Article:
|Publication number||US6251080 B1|
|Application number||US 09/311,664|
|Publication date||Jun 26, 2001|
|Filing date||May 13, 1999|
|Priority date||May 13, 1999|
|Publication number||09311664, 311664, US 6251080 B1, US 6251080B1, US-B1-6251080, US6251080 B1, US6251080B1|
|Inventors||Raphael Henkin, Edward J. Crespin|
|Original Assignee||Del Mar Medical Systems, Llc|
|Export Citation||BiBTeX, EndNote, RefMan|
|Patent Citations (19), Referenced by (154), Classifications (11), Legal Events (18)|
|External Links: USPTO, USPTO Assignment, Espacenet|
1. Field of the Invention
The invention lies in the general field of noninvasive, ambulatory blood pressure measurement equipment. More specifically, the invention relates to an ambulatory, long term blood pressure monitoring system, where essentially all of the equipment components are mounted on the arm band that is conventionally used in existing blood pressure detecting systems.
2. Description of the Prior Art
Various methods have been utilized in the past for accurate blood pressure determination with the most common being a “tourniquet” type arm band with overlapping Velcro attachments applied around the biceps/triceps muscle area of the arm. The band would typically be constructed with an inflatable air bladder therein with a hand operated rubber bulb pump distally connected thereto via a lengthy air hose. The band would be initially tightened by increasing air pressure to a predetermined level to completely stop the flow of blood through the arm. Using the auscultatory method to listen for Karotcoff (K) sounds (bubbling blood squeezing through a compressed artery), a microphone or stethoscope would be applied to the arm over the brachial artery, immediately adjacent the arm band. The air pressure in the arm band would then be slowly released by a hand operated air release valve until the first K sound, the systolic, would be heard, i.e. the sound of blood initially bubbling through the artery. The fourth or fifth K sound, the diastolic, would follow in time as the arm band pressure is further released and as the blood, no longer constricted from flow, freely flows though the artery without bubbling. By such means, the systolic/diastolic blood pressure, typically being 120/80, and variations thereof, as well as the pulse rate, typically 60 beats/minute, could conveniently be determined.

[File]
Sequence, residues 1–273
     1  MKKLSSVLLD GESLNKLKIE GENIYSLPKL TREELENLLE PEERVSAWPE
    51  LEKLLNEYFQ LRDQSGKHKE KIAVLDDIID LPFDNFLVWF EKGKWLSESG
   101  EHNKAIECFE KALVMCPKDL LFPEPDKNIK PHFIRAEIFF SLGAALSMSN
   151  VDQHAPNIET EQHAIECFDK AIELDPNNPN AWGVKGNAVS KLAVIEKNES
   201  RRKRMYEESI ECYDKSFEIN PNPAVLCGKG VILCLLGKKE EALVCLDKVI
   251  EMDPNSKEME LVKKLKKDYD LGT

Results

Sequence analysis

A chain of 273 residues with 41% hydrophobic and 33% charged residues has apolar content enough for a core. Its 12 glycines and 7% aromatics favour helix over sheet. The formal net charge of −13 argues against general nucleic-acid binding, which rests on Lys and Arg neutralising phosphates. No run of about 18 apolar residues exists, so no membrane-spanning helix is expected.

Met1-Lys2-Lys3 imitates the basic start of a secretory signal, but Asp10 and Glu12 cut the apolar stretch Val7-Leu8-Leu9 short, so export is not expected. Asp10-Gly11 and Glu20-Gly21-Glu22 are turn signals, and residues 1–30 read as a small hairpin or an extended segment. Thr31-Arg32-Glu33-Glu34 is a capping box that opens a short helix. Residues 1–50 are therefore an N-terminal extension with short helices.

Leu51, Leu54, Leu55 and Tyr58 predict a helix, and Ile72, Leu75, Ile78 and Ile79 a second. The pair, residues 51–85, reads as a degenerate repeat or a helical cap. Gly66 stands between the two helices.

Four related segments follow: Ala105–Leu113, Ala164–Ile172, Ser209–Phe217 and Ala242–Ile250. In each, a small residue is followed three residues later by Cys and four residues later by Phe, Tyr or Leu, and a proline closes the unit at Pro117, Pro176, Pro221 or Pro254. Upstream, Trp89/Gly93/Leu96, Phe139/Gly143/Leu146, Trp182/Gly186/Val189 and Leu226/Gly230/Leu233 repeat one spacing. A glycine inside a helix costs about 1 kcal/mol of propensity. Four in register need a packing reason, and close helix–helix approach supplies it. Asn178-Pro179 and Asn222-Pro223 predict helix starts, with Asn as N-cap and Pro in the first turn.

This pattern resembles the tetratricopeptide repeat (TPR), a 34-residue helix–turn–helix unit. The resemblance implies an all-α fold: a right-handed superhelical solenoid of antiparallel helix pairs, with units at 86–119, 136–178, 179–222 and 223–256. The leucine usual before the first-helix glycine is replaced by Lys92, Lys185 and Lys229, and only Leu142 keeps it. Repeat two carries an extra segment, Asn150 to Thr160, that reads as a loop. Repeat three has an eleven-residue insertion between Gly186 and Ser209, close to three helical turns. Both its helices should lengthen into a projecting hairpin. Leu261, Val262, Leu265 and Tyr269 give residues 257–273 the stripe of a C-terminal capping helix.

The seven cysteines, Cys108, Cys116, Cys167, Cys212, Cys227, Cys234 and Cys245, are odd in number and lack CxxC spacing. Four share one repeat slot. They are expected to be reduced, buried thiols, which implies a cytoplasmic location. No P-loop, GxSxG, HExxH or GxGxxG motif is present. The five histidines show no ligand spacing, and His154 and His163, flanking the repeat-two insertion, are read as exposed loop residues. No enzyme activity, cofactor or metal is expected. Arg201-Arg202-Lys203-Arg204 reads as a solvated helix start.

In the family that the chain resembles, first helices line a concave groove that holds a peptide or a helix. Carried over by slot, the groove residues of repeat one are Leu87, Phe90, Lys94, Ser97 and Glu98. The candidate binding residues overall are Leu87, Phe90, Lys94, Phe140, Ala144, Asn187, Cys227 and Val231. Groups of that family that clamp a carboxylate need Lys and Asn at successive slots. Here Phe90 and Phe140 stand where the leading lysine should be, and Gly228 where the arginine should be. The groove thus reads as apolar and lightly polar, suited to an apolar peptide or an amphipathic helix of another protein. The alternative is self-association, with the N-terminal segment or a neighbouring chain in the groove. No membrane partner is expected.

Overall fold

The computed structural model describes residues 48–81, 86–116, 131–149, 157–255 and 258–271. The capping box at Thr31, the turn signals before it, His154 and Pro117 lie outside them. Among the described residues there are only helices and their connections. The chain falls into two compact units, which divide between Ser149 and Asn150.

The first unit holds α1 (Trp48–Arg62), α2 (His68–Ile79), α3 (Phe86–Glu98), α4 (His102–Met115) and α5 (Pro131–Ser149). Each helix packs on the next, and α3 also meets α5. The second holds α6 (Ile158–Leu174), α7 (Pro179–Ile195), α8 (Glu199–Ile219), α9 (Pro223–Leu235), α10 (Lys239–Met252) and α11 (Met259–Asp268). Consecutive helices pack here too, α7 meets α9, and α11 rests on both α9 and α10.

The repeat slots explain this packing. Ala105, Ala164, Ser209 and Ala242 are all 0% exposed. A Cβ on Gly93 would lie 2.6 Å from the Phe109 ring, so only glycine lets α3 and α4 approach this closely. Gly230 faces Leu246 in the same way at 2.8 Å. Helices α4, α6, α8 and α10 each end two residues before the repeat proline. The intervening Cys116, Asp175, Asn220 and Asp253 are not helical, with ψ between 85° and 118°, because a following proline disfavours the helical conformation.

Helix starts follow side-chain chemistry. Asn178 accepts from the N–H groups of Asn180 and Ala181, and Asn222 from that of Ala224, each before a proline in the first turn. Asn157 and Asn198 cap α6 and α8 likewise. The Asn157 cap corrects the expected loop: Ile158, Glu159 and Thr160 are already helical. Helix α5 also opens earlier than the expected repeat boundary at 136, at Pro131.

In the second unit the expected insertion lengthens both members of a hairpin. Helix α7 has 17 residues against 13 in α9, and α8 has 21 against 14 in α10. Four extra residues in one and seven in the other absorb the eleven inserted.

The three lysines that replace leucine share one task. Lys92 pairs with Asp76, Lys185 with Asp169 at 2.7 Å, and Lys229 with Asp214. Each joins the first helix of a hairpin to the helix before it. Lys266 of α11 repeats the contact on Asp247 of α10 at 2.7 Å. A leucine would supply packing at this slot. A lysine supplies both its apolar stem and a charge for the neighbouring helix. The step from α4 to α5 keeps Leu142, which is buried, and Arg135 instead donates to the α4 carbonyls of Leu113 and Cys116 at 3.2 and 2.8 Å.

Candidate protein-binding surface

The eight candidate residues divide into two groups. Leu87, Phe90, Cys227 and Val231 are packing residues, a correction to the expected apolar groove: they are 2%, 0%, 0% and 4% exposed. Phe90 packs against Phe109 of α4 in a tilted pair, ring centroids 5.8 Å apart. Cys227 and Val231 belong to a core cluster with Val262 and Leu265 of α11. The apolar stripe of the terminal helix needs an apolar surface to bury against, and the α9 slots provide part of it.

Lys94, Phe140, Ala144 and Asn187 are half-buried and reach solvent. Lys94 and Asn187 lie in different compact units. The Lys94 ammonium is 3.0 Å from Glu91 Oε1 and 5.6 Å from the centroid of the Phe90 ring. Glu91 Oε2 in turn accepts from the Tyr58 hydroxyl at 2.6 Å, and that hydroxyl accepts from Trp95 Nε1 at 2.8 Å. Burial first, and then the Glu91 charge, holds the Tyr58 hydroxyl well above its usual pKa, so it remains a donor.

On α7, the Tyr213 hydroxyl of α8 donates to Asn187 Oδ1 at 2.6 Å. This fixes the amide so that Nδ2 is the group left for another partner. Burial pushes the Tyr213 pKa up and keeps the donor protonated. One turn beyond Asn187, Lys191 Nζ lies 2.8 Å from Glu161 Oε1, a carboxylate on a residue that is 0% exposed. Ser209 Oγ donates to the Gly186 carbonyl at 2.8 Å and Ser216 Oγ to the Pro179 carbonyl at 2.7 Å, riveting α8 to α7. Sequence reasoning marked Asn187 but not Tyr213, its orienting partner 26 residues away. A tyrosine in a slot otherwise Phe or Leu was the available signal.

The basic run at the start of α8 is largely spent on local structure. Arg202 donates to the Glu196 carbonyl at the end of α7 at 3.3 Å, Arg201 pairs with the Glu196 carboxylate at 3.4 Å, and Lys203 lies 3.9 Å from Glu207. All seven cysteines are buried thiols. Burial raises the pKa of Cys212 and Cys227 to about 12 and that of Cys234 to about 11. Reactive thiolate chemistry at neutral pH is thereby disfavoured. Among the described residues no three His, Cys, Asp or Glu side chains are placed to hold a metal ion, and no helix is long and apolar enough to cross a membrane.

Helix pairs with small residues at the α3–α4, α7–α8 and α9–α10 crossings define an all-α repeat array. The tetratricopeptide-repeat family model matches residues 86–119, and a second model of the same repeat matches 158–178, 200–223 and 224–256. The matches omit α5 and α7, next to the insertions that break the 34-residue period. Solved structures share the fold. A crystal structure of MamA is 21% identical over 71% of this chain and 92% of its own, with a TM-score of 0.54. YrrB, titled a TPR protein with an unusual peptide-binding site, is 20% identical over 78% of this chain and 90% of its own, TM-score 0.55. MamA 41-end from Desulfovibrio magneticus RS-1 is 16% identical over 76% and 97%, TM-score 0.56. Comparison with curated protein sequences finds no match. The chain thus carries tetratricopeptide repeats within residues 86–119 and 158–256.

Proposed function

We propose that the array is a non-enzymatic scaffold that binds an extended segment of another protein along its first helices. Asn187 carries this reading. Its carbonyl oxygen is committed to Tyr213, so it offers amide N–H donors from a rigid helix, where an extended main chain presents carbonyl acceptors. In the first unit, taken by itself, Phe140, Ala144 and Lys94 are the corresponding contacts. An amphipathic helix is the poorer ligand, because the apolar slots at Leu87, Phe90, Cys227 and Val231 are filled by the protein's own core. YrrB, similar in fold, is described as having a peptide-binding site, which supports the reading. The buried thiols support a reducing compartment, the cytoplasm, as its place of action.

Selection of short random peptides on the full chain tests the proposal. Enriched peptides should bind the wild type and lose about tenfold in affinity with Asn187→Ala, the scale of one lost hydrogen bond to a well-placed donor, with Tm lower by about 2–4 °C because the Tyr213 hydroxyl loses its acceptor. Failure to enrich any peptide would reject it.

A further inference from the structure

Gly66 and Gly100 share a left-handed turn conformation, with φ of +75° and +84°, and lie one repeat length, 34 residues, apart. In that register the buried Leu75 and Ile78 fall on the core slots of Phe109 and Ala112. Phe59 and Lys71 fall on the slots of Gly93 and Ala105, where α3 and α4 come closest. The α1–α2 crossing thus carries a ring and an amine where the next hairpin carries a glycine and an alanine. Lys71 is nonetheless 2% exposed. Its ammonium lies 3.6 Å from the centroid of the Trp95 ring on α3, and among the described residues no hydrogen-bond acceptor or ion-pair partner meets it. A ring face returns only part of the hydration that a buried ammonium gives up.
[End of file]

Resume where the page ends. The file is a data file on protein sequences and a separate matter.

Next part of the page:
More recent methods of implementing the foregoing blood pressure measurement have been devised to operate in a long term ambulatory environment by using a similar inflatable arm band with a lengthy air hose and electrical lead extending therefrom and attached to a magnetic tape recorder, usually mounted on a waist belt of the patient. A relatively large recorder enclosure/housing, containing not only the blood pressure data recording medium, i.e. magnetic tape reels, but also carried a pneumatic (air) pump and motor to inflate the air bladder, along with a printed circuit board for a microprocessor and appropriate electronics to accurately record periodic blood pressure events or specific event prompted blood pressure samples, and Liquid Crystal Display (LCD) screen with necessary control buttons (keyboard) for event marking or system control. A microphone would be attached by tape to the patient's arm under the inflatable arm band, with a lengthy electronic lead to the recorder housing to provide periodic blood pressure events to be recorded for later evaluation.